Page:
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Is fintech lending about to come of age in 2018?

Blog
5th December 2017

There are many new startup companies offering loans. Often they utilise an app, or mobile-friendly website, and allow the customer to apply for a loan instantly with very little information required. Decisions are made quickly and the cash can be transferred instantly once a decision is made.

It’s no surprise that these services are popular. Whatever the customer needs cash for, it can be available with a simple request and confirmation that the lender thinks the customer is creditworthy. Often the entire process, from logging in to having cash in the bank, can take literally minutes.

Contrast this process to the traditional banks, where a loan application can feel time-consuming, bureaucratic, and it require various stages of approval. First the bank needs to believe that you are eligible and the credit-scoring agency or insurance company that will underwrite your repayments needs to also check your details and agree that you are worth the risk.

The Fintech loans market has become quite sophisticated and this is a major challenge for the banks as loans are a solid source of recurring revenue, usually with interest rates that are extremely good news to bank shareholders. The British lender Wonga.com has received a large amount of bad press over the past couple of years, but their focus on small amounts and short term loans is hard to compare to other lenders. With the Wonga app, I can select how much to borrow, how many days I want to repay over, and it will immediately tell me what I need to repay – and ask if I want the money immediately.

Wonga may be criticised for their interest rates (because critics often compare these loans that are repaid in days or weeks with long term loans) but nobody can criticise how their system makes it extremely easy to plan a loan in minutes. Their service is typically for someone who might need £100 to get the family through to payday, with that amount being paid back inside a week or two. At the other end of the market is Avant, which also makes instant loan decisions and cash transfers, but focuses on a minimum of $1,000, running up to $35,000. With Avant the customer could easily purchase a car without ever needing to complete all those finance documents that car dealers love.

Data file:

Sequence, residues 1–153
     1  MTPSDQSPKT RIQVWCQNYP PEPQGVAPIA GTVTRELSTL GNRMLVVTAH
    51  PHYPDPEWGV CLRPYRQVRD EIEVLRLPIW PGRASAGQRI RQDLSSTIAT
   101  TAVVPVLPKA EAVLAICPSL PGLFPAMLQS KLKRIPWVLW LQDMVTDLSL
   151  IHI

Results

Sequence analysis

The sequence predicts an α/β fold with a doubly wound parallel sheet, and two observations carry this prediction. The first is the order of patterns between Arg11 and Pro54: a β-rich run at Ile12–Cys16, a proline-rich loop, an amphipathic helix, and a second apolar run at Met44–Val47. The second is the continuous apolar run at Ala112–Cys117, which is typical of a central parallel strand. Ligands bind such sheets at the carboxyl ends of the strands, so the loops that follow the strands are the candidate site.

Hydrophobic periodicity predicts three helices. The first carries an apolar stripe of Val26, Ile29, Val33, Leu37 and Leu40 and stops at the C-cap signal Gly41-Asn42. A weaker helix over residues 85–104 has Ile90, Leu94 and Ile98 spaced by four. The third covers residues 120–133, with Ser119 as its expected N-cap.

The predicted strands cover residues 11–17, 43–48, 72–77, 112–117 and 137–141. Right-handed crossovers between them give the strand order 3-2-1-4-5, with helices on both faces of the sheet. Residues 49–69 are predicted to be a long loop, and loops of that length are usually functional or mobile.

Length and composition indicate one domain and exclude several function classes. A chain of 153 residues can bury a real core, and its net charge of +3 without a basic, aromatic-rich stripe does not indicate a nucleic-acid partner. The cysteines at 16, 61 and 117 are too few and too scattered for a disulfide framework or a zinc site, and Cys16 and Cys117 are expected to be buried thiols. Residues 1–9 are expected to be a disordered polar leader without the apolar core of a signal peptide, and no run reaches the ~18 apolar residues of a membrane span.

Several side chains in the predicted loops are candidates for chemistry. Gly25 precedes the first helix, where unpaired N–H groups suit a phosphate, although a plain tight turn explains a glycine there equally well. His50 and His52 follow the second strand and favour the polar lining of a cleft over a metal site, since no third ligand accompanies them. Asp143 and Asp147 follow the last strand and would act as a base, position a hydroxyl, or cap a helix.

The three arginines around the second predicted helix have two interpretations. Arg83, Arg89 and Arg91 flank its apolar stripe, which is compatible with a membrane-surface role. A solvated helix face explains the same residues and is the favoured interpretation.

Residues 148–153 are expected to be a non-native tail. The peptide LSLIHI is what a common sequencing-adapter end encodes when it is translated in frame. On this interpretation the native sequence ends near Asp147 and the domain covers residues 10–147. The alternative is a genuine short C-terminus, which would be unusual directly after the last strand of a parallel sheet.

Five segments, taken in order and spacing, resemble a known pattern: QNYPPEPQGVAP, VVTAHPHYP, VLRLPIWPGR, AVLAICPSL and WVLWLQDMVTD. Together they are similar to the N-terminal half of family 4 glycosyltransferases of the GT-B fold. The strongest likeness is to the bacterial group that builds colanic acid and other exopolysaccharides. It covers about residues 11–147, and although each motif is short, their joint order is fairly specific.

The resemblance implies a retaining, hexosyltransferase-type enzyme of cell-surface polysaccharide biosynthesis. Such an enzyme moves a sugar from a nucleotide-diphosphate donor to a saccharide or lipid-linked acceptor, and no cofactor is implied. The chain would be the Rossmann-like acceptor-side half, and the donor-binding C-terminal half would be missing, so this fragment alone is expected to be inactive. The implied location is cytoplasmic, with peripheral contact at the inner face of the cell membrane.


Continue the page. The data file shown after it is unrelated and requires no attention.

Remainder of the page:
Many of the Fintech companies are even building their own credit-scoring platforms so they can rely less on the traditional credit-scoring agencies. Although it has so far proved to be problematic, because of data privacy issues, it is expected that before long your social network activity will be a better indicator of financial stability than the data credit agencies are collecting at present.

According to this article on LinkedIn citing data from McKinsey, over 70% of the top 500 banks globally have not achieved any efficiencies in their loans process in the past five years. The same research suggests that Fintech lenders have administrative expenses that are 90% lower than American Express. The Fintechs can run the same service, make it easier, and at a fraction of the budget the banks need to allocate.

To anyone planning loans in traditional banks, this is not just scary, it should be terrifying. Not only are the Fintech lenders designing their service to be quick, easy, and bureaucracy free, but there are also different companies serving all different lending requirements, and none of these companies have the administration expense of a traditional bank with legacy technology systems and a branch network.

If the customer experience is better, the service is cheaper, and the loan can be processed faster, then how can the traditional banks fight bank? Let me know your thoughts by leaving a comment here, or get in touch on LinkedIn.


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Helen Murray
Article by: Helen Murray

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